Posts Tagged ‘World Series of Poker Europe

26
Sep
10

World Series of Poker Europe Main Event – Day 2

The moment the clock struck midnight to signal the close of play, Phil Ivey got up from his seat and made his way out of the media spotlight.

He raced up the stairs of the Empire Casino, stepped out into Leicester Square, and disappeared into the cold London night.

Day 2 of the World Series of Poker Europe Main Event was mixed at best for Ivey, who is looking to add to the bracelet he picked up in a $3,000 H.O.R.S.E event in Las Vegas this summer.

Phil Ivey

The eight-time bracelet winner began the day well, racing into an early chip lead as his stack shot up to the 300,000 mark. He has since slipped back a little, but still sits comfortably in the top 10.

He is joined there by Andrew Pantling and David Peters, who both final-tabled the £2,500 6-max tournament won by Phil Laak, but the man everyone is chasing at the moment is Swedish sensation Viktor Blom.

The man believed by many to be online genius/maniac/degenerate gambler (delete as applicable) Isildur1 has amassed a monster-stack of 443,200 chips, a mere 1,100 ahead of Serbian pro Bojan Gledovic but a massive 70,000 clear of the rest of the stacked field.

Free from the attention of the TV cameras (which were largely focused on Ivey and table-mate Gledovic) and surprisingly free from any patches from online cardrooms, Blom seemed at ease, sharing jokes with the rest of his table.

A couple of big pots probably helped, including a superb read to all-but knock out Heather Sue Mercer, and a set-over-set encounter which saw him get the better of Jason Gray. But unlike last year, when a huge bluff-gone-wrong saw him eliminated from the tournament, Blom has been playing impeccable big-stack poker to increase his lead.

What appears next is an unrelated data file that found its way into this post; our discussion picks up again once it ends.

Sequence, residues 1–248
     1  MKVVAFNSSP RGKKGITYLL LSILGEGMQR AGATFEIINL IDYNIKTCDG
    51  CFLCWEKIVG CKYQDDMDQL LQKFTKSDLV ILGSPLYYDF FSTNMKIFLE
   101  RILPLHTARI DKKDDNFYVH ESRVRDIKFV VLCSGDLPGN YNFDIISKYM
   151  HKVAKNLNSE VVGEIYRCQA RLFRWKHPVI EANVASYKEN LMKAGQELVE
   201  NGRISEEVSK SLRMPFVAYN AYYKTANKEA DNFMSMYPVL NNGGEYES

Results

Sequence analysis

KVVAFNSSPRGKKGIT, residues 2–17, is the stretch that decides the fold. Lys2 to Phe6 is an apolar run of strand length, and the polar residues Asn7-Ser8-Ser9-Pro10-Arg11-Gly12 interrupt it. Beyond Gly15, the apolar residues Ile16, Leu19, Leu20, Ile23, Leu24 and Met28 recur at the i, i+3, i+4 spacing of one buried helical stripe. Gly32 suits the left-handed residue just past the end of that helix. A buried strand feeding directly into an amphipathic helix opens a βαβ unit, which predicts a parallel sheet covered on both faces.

Elsewhere, a number of big names remain in contention for the penultimate World Series bracelet of 2010.

Barry Greenstein

Barry Greenstein, Hoyt Corkins, JP Kelly and Greg Mueller are among the bracelet winners remaining, while 1996 World Champion Huck Seed will be coming back for day 3, as will Daniel Negreanu, still in the hunt for a third successive final table in this event.

They will be joined at the felt by reigning Aussie Millions champ Tyron Krost, triple-crown winner Roland de Wolfe and November Niner John Dolan in what remains an incredibly tough field.

Unfortunately some other stars of the game did not make it to midnight with their chips intact. Dolan’s November table-mate Filippo Candio fell by the wayside, as did reigning champion Barry Shulman and bracelet-holders Mike Matusow, Praz Bansi and Phil Laak.

With a field so strong, it is near-impossible to centre in on one table as the toughest of them all, but table 13 is definitely staking a claim for that particular title:

Table 13
Seat 1: John Eames (152000)